This game with your children or your child and his and her friend:
- Tell them they must each build a tower.
- Give Popsicle sticks to one child and glue to the other.
- Let them work out how to trade for the resources they need (you can help with ideas).
Turn choosing chores into a fun and engaging activity.
- Write down each family chore on a separate note card.
- Deal out the cards evenly to your family.
- Allow family members to trade chores.
Paying Uncle Sam
Teach your child about taxes.
Taxes can be confusing and often frustrating but they are a necessary part of our economy. Help your child understand the importance of taxes and the roles they play in our economy and day-to-day living.
Play a game next time you are driving with your child by asking the questions below. Then explain that some things are so big and important that everyone must help pay for them.
- Who pays for this road to be paved?
- Who pays for that school to be open?
- Who pays for that police officer to keep us safe?
- Who pays for that firefighter to help put out fires?
Consider taking a small amount of taxes out of your child's allowance. Explain that this is part of being a citizen and these taxes pay for important things.
- You can put this amount in a savings account or use it to help pay for a family trip.
- Putting these "taxes” towards something your child views as important will help to instill the lesson.
Give Me Some Credit
Help your child understand the importance of borrowing responsibly.
People of all ages borrow. Some borrow toys, some borrow books and others borrow money. In all of these cases, responsible borrowing is important. Help your child learn how to borrow responsibly early in life.
There is a good chance your child has seen you use your credit card and your debit card, but chances are he or she doesn't understand the difference. In fact many young adults don't even know the difference.
- Pull one debit card and one credit card from your wallet or purse.
- Ask your child to tell you which is the debit and which is credit.
Whether they get it right or wrong show them all the physical similarities.
- Same size, shape, your name, 16 numbers, black strip on back, image, bank logo, etc.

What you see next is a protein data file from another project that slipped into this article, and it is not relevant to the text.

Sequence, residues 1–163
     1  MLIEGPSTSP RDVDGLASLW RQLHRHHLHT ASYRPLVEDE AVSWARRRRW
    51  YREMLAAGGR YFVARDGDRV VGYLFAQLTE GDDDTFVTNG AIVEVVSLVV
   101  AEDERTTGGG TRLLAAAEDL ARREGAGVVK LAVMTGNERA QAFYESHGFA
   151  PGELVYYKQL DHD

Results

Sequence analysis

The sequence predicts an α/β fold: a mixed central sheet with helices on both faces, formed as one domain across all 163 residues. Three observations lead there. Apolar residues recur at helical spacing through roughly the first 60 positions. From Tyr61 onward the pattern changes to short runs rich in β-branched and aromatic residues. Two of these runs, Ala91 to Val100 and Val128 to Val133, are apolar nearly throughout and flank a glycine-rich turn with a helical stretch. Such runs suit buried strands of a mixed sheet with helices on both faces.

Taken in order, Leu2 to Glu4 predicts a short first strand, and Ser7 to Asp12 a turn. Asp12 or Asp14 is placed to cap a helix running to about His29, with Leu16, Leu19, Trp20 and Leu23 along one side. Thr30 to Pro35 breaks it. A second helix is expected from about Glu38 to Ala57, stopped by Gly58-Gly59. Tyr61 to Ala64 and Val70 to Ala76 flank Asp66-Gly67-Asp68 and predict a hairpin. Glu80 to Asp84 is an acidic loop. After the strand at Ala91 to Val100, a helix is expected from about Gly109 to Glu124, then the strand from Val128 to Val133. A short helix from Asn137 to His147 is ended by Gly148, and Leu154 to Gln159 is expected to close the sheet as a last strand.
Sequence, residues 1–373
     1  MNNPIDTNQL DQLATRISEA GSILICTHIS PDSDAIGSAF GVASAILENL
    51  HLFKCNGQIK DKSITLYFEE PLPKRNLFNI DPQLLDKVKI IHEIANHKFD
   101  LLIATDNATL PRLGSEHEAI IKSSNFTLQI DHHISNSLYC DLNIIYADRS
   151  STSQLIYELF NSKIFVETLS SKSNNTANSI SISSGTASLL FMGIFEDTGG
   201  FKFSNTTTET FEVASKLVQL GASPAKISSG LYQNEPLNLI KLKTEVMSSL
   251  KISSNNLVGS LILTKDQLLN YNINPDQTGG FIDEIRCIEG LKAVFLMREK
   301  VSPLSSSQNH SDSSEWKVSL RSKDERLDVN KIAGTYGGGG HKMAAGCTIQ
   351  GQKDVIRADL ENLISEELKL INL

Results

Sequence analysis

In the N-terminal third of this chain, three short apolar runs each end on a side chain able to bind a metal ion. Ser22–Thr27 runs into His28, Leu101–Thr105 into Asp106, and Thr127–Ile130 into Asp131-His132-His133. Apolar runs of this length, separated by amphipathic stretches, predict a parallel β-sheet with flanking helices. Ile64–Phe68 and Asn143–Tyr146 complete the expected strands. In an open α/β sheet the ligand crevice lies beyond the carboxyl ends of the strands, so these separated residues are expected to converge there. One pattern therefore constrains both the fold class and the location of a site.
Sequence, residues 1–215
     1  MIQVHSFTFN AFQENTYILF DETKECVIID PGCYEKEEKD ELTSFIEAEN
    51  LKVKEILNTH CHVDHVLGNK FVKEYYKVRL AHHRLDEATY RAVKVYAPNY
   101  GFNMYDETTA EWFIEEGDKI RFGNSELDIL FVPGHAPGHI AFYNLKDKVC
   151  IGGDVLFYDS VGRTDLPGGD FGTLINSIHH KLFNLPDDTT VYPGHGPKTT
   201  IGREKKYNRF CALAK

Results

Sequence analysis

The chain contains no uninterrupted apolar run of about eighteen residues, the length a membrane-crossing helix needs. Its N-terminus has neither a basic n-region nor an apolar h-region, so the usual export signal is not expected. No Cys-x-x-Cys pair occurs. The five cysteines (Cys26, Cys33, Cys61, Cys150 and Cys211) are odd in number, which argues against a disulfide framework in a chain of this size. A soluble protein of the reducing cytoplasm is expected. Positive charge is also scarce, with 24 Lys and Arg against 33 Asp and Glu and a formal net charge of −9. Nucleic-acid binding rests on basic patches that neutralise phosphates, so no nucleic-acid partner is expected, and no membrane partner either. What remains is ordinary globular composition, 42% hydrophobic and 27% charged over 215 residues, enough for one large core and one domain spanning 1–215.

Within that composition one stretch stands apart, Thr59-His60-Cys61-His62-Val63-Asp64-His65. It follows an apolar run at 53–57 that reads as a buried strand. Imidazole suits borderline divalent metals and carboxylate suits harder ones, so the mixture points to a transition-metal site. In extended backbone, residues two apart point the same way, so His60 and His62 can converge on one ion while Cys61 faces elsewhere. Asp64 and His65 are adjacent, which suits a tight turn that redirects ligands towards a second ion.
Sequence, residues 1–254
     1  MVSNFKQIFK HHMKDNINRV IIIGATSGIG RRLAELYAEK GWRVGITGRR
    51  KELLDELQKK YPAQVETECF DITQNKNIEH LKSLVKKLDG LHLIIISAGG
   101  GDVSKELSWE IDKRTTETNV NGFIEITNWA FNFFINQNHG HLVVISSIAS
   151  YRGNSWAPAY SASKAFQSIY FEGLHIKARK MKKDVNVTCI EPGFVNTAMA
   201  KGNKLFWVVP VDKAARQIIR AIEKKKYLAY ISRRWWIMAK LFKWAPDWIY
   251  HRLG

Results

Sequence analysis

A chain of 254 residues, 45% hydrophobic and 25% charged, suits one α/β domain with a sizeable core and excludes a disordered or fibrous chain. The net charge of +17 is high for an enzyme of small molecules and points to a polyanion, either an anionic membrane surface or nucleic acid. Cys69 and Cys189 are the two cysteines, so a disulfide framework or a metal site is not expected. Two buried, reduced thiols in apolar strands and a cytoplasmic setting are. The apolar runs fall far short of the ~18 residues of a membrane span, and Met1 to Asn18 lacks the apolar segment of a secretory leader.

Now ask them if they know the difference between the two cards.
- Debit Card: Even though this looks like a credit card it's simply access to your own money. If you use this at a store or ATM it takes money straight from your bank account. This is your money.
- Credit Card: This card allows you to borrow money. Each time you use this card you are borrowing money from a bank or other institution. When you borrow you must pay it back - with interest!
If your child asks for something he or she cannot afford and would typically save for, consider lending your child the money as a way to teach responsible borrowing.
- Discuss the importance of paying you back on a set timeline.
- Discuss the interest you will charge him/her. Make it easy by adding a set amount to what they borrow.
- Discuss what will happen if he or she doesn't pay you back on time such as an additional monetary fee or the inability to borrow in the future.
- Show your child how these principles are the same for adults when they borrow money.
Putting Your Money to Work
Teach your child the power of compounding interest.
We work hard for our money, so why not let our money work for us? The concept of compounding interest can be fascinating to children and can get them excited about saving their money.
Nature is a great way to explain the power of compounding.
- Explain to your child that if someone gave you one seed and you planted it and cared for it, you could get 50 seeds from one plant.
- If you then take those 50 seeds and plant each of them and care for them, you could get 1,000 seeds.
- Continue the examples to demonstrate how quickly the numbers become astronomical. Relate this to compound interest on saved money.
Show your child how compounding interest works using the rule of 72 (72 divided by the rate of return on your investment equals how often your investment will double).
- Example: 72 ÷ 8% interest = 9 years, meaning that every nine years, if you don't add to or subtract from it, your money will double.
Show your child how much $100 invested now can become with 8% growth annually:
- $100 at 9 years old (for example)
- $200 at 18 years old
- $400 at 27 years old
- $800 at 36 years old
- $1,600 at 45 years old
- $3,200 at 54 years old
- $6,400 at 63 years old
- Ask them how much of this final figure would be the money he or she originally put in and how much is interest. Ask your child to imagine what would happen if he or she put more than $100 in or if they continued to add to the funds.
It Cost You How Much?
Help your child understand inflation and how it affects the costs of goods.
You may think that your child is too young to learn about inflation, but it's an important concept to understand. Make learning about inflation fun with this simple activity.
Help your child understand inflation by interviewing those around them.
- Help your child create a list of items around the house or in the community (milk, bread, movie ticket, etc.).
- Have your child interview a grandparent and ask how much these items cost when the grandparent was a young child.
- Have your child ask you the same questions.
- Then help your child research the cost of these items now.
- Explain to your child how inflation increases the cost of goods over time.